Tuesday, 26 August 2014

The Complex Plane And Plottable Arrays

Some readers have asked me to explain the slightly complicated translation between the complex plane (where the Mandelbrot set really lives) and the Python arrays used to plot the images.

The reason for the complexity is that:
  • The complex plane is continuous, just like the real number line.
  • Python arrays are discrete, filled with finite boxes. 
  • What's more, the elements of python arrays are labelled using integers starting from zero. You can have array[2, 3] but not array[-2.34, +4.3398]. 
  • We have to plot arrays, even though we really want to see the complex plane. This is the core reason we need to translate between the complex number plane world, and the python array world.

The translation itself is simple. We divide up the complex plane into equally spaced and sized sections. There are an integer number of these - and so they can be represented by the elements of an array.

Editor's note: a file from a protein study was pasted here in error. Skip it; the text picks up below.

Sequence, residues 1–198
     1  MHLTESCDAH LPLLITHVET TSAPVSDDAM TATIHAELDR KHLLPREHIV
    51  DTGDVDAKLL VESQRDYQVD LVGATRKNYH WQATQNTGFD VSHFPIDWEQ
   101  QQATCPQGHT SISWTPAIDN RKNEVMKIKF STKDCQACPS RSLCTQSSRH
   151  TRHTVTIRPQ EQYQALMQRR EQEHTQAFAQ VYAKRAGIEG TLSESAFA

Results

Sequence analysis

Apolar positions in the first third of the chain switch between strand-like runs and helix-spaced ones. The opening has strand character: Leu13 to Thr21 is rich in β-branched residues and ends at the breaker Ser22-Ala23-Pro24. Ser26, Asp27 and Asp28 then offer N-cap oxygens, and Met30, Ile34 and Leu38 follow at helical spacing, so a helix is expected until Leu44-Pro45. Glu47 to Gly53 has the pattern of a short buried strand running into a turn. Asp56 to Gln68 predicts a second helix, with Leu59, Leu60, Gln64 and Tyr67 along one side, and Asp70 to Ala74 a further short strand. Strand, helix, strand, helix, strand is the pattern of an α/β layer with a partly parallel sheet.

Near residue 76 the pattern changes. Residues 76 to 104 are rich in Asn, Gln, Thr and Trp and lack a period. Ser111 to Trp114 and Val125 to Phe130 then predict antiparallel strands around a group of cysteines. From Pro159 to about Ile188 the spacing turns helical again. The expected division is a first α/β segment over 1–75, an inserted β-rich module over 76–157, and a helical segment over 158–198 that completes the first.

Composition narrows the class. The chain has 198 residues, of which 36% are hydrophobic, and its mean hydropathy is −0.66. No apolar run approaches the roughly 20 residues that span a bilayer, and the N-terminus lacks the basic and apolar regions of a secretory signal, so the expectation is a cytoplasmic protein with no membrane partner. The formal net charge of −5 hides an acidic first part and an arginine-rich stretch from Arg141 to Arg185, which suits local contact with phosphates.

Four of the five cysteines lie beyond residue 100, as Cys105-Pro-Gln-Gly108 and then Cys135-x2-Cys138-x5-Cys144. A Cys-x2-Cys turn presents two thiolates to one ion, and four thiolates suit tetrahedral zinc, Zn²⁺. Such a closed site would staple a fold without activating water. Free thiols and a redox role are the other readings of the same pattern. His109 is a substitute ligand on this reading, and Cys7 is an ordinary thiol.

So when we choose an element n out of N along a section which started at x1 and ended ay x2, the element n corresponds to x1 + (x2-x1)*(n/(N-1)). You can see here that n/N is the proportion between x1 and x2 that n lies.

If this expression looks complicated to you - it's just working out how far from x1 towards x2 we need to go in the same proportion as n out of N pieces.

Ah - and don't forget n starts at 0 and ends at N-1, which makes sense so that when n=0 we have the position x1. Similarly when n is the last N-1,  it corresponds to x2.

The following diagram shows our explanation visually: (click to enlarge)